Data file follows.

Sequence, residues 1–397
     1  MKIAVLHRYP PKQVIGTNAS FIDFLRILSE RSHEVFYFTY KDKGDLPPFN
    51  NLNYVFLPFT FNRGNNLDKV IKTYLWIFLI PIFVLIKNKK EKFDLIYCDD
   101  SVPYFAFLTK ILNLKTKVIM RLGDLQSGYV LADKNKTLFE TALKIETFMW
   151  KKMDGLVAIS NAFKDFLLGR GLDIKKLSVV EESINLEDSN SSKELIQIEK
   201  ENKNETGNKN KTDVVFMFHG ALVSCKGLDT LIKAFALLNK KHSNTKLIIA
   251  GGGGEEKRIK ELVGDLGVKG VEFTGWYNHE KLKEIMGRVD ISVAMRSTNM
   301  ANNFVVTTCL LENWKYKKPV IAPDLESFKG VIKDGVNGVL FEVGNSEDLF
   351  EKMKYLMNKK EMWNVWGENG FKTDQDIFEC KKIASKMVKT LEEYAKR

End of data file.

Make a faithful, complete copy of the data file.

Sequence, residues 1–397
     1  MKIAVLHRYP PKQVIGTNAS FIDFLRILSE RSHEVFYFTY KDKGDLPPFN
    51  NLNYVFLPFT FNRGNNLDKV IKTYLWIFLI PIFVLIKNKK EKFDLIYCDD
   101  SVPYFAFLTK ILNLKTKVIM RLGDLQSGYV LADKNKTLFE TALKIETFMW
   151  KKMDGLVAIS NAFKDFLLGR GLDIKKLSVV EESINLEDSN SSKELIQIEK
   201  ENKNETGNKN KTDVVFMFHG ALVSCKGLDT LIKAFALLNK KHSNTKLIIA
   251  GGGGEEKRIK ELVGDLGVKG VEFTGWYNHE KLKEIMGRVD ISVAMRSTNM
   301  ANNFVVTTCL LENWKYKKPV IAPDLESFKG VIKDGVNGVL FEVGNSEDLF
   351  EKMKYLMNKK EMWNVWGENG FKTDQDIFEC KKIASKMVKT LEEYAKR